The essence of this myth about ourselves and what we create is the fear that we are innately destructive, that every step we take towards “progress” threatens our own existence and that somehow it’s beyond our power to stop ourselves going down this path. These stories are about our own helplessness against ourselves. They are, in fact, a recognition that we are constantly threatening to replace ourselves through our capacity to develop new technologies. And we are strangely ambivalent about this.
The term Luddite has long had contemptuous connotations in popular opinion, and yet the artisans of the early 19th Century who fought against the new machines which were transforming the British textile industry acted out of a very rational awareness that the rising capitalist class was seeking to enrich itself by displacing the traditional working class; these supposed enemies of progress were engaging in a perfectly reasonable fight for their own survival. Our technological history is a long, often destructive narrative of human beings seeking ways to replace themselves with machines – in the earlier stages on a purely mechanical level, but more recently on the level of intelligence and even personality with the quest for artificial intelligence. We are cursed with a strange certainty that we can create something better than ourselves which can supersede us as the dominant “lifeform” on our planet, and for some this appears to be a desirable thing.
Hence the often reiterated dual themes of loss of self, of identity, and simultaneous empathy for the machine which run through movies featuring robots.
While there are classic robots which are purely machine (Robbie in Forbidden Planet, Gort in The Day the Earth Stood Still, Arnold in The Terminator), it seems more common for movies to mix an element of the human into the technology. This can range all the way from Harry Benson in The Terminal Man (1974), adapted by Mike Hodges from Michael Crichton’s novel about a man who has a chip implanted into his brain which is designed to prevent seizures but instead turns him psychotic, to RoboCop (1987), in which the few remaining fragments of Officer Murphy’s brain after a brutal killing are implanted into a humanoid machine. In the former case, the chip is designed to control the brain; in the latter, the brain is merely a component involved in controlling the machine. In Terminal Man, Harry loses his sense of humanity to the machine, while Murphy in RoboCop reasserts his humanity through the machine.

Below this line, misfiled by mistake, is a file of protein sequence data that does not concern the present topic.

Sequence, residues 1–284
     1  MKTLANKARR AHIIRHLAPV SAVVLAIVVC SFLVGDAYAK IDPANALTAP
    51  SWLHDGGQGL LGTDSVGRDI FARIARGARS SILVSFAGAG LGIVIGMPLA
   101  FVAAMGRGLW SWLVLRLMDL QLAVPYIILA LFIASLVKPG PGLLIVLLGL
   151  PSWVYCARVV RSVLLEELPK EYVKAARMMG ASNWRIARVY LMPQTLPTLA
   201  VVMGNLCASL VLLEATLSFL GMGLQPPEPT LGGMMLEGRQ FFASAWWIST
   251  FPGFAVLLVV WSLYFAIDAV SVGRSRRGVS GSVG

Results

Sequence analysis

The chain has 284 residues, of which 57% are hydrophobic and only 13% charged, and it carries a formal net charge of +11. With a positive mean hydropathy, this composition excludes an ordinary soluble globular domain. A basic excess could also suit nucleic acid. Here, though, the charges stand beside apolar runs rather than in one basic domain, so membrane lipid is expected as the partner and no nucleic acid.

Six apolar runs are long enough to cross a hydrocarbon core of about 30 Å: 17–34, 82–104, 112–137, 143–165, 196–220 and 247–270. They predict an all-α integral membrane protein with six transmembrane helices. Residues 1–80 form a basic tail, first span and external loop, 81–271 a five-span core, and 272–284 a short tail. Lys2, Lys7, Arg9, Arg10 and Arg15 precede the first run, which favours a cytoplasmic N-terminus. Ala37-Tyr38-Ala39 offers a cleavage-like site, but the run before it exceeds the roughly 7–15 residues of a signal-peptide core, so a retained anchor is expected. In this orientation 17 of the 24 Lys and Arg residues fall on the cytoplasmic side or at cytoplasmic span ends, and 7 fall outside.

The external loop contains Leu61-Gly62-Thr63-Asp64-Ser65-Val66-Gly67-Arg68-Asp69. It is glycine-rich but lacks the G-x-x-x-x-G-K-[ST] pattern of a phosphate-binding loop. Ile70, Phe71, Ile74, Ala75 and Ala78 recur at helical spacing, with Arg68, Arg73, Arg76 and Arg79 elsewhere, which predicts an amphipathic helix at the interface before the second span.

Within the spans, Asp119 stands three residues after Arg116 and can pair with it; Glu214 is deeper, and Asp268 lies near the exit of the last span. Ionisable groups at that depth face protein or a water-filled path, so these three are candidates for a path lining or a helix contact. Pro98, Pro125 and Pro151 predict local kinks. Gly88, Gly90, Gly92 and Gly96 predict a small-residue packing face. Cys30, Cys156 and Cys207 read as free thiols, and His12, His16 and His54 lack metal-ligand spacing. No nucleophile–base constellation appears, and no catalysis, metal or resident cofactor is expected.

Paul Verhoeven’s movie is a violent satire on the assault against society by virulent capitalist corporations and the tendency of a technocratic political system to transform inexorably into a police state. Watching it again today, it’s rather chilling to realize that the satire is probably more pertinent now than it was even during the Reagan era.
Having been literally shot to pieces, Murphy is declared dead and what scraps remain become the property of the ironically named Omni Consumer Products (the corporation doesn’t seem to sell things to people so much as sell to the authorities products designed to control the population). Human beings are mere resources in the quest for corporate profits and company rights supersede human rights (a philosophy apparently now endorsed by the U.S. Supreme Court). As Murphy gradually reawakens in his metal body, his humanity returning in the form of surfacing memories of his previous life, irritated executives demand that his controllers simply erase his cortex because his reemerging consciousness is interfering with the function of their product, and thus jeopardizing profits.